New York

NYCHA could have quickly tracked the 24-hour water test. Instead, I decided to wait a few weeks for the results.

After the number of tenant complaints about cloudy water at the Jacob Leith House began to spike this summer, NYCHA executives decided the tap water there needed to be tested.

But instead of ordering a speedy test with results within 24 hours, NYCHA Chief Operating Officer Eva Trimble decided there was no rush.

As a result, weeks passed between when the water was first sampled and when NYCHA first said: Arsenic detected in Riis waterAnd NYCHA delayed announcing the results to tenants and the public for another week.

NYCHA’s slow response to a rapid and alarming surge in water quality complaints at a tense city council hearing held Friday by Oversight and Investigation Commission Chairman Gail Brewer and Public Housing Commission Chairman Alexa Aviles. A portrait of the correspondence emerged.

It’s the first time a NYCHA executive has taken the oath after testing positive for arsenic, and elected officials challenge NYCHA’s claims it best handled Leith’s water crisis. This was the first time I had the opportunity.

On September 2, the NYCHA suddenly announced that tests had found arsenic in Riis water, and a week later announced that the tests were faulty and the water contained no arsenic at all. Meanwhile, the city’s health department has advised tenants not to drink water or cook.

The tenants lived in fear for a week and now don’t know who to trust.

Frustrated by the NYCHA’s response, residents flocked to Friday’s hearings to demand answers. But initially, dozens of tenants wishing to testify were barred from entering the overcrowded little room at 250 Broadway where the hearings were held.

After a shouting match that included a bit of shoving, the hearing was moved to a sprawling conference room at City Hall.

Adding to the lack of confidence in the housing authority’s response, Chairman Gregory Russ did not attend the hearing.

Instead, NYCHA’s newly appointed interim chief executive officer, Lisa Bova-Hiatt, took over. She replaced CEO last week while Russ remained chairman.— tried to calm the water with the delayed Meekalpa.

“I don’t want to leave the board with the impression that NYCHA did everything right. We didn’t,” she admitted. “We know this has been a very disturbing and upsetting experience for residents and we are very sorry.”

But some elected officials have accused NYCHA of not responding quickly to the water crisis.

Trimble testified that he first requested a water test on August 12 at Leith’s Building 11. This building was chosen because of the high concentration of complaints there and because the water tanks for half of the development are on the roof.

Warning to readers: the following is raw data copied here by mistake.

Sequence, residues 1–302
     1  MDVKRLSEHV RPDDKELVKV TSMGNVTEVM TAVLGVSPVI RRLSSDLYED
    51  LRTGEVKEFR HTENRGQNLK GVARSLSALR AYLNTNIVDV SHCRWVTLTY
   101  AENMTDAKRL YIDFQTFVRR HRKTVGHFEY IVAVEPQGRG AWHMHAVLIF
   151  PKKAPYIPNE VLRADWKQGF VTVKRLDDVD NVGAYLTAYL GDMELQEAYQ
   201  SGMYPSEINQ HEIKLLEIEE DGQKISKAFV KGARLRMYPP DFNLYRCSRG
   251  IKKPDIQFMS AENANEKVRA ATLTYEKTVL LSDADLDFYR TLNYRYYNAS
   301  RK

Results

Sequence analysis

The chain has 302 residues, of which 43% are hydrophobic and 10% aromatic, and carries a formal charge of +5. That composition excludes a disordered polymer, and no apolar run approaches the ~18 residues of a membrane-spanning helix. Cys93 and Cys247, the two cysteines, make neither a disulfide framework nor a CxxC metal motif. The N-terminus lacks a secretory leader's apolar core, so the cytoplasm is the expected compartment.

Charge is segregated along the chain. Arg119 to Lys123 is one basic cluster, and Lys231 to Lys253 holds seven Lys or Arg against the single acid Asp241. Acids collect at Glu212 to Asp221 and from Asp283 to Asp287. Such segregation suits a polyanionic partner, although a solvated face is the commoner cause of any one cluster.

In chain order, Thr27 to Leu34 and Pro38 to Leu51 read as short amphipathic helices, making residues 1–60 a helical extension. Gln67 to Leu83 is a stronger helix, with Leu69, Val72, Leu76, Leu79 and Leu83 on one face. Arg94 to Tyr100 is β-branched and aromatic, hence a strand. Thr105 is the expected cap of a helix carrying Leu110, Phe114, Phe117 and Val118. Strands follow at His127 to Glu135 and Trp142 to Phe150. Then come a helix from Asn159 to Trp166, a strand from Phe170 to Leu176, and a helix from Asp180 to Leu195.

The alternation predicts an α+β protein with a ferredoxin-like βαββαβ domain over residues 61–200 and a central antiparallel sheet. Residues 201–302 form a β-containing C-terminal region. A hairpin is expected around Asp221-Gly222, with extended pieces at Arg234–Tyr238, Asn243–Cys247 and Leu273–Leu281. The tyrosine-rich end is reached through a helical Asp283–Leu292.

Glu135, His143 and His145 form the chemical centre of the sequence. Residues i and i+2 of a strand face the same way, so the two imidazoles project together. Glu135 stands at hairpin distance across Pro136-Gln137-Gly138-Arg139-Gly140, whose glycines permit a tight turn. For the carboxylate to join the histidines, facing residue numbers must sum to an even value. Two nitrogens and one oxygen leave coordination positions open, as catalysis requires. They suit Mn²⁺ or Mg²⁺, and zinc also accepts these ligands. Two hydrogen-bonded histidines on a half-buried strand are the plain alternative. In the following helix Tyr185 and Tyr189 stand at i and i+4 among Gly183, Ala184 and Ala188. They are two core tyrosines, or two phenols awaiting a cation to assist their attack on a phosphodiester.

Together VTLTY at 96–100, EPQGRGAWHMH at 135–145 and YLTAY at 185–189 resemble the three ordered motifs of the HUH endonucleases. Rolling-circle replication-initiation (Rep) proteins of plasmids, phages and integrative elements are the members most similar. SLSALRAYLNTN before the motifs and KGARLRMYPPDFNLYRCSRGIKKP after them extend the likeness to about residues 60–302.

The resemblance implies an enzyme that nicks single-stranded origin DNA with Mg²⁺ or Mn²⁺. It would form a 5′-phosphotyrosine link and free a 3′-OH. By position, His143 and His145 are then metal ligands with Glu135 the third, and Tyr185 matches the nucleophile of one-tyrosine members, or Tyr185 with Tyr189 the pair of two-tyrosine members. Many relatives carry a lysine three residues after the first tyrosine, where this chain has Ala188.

She later admitted that she was not informed of the test results until August 29. Asked about the delay by Public Housing Commission Chairman Avilés, Trimble acknowledged: ”

At the time Trimble requested testing, the number of water quality complaints was steadily increasing, peaking at 21 during the week of July 31st to August 6th. By then, Rep. Nidia Velázquez had contacted housing authorities and demanded an explanation.

A week after Trimble ordered the tests without demanding quick results, the number of complaints reached 18.

Juman Williams, a public advocate who participated in the hearing’s interrogation, said the initial response took weeks, but once tests showed the presence of arsenic, all subsequent tests were followed up quickly. Stated.

“Why was the decision made not to rush the test?” he asked.

Trimble said, “I didn’t ride the rush conditions. I had no reason to expect the results I got. I never asked them to hurry up, other than follow up a few times.”

“If you have questions about water, you have to hurry,” Williams replied.

NYCHA and THE CITY report The pump that supplies water to Building 11’s rooftop tank stopped at the same time that complaints spiked in mid-July.

According to Trimble, the pump was not repaired until August 15th.

At the hearing, the NYCHA said for the first time that it believed a pump failure had triggered the arsenic debacle.

“We believe the building 11 pumps are responsible for the muddy water complaints,” Trimble said, noting that most of the complaints were related to the Riis building, which relied on the building 11 tanks. did.

Then, a week after the pump was fixed, she said,

Trimble also said that by mid-July, another NYCHA department discovered a problem with Building 11’s pumps, but that she wasn’t aware of it when she ordered the first water test at Building 11. acknowledged.

Some council members also questioned why the NYCHA relied on the same Illinois-based testing company, Liquitech, to process the Aug. 30 retest, saying they now called the initial results questionable. claim. At the hearing, Daniel Green, director of NYCHA’s Healthy Home Division, which oversees quality-of-life issues, admitted that he would have asked another company to intervene.

Several council members were appalled by the absence of NYCHA Chairman Russ. Bova-Hiatt had to admit that it was Russ himself who decided not to attend.

As for Russ’ actual whereabouts on Friday, NYCHA was unable to say. Since his 2019 appointment, Russ has continued to live in Minneapolis and travel to and from NYCHA at his expense.

When asked where the chairman was, Boba Hyatt replied: Russ isn’t here in New York, so I can’t say where he is. ” NYCHA could have quickly tracked the 24-hour water test. Instead, I decided to wait a few weeks for the results.

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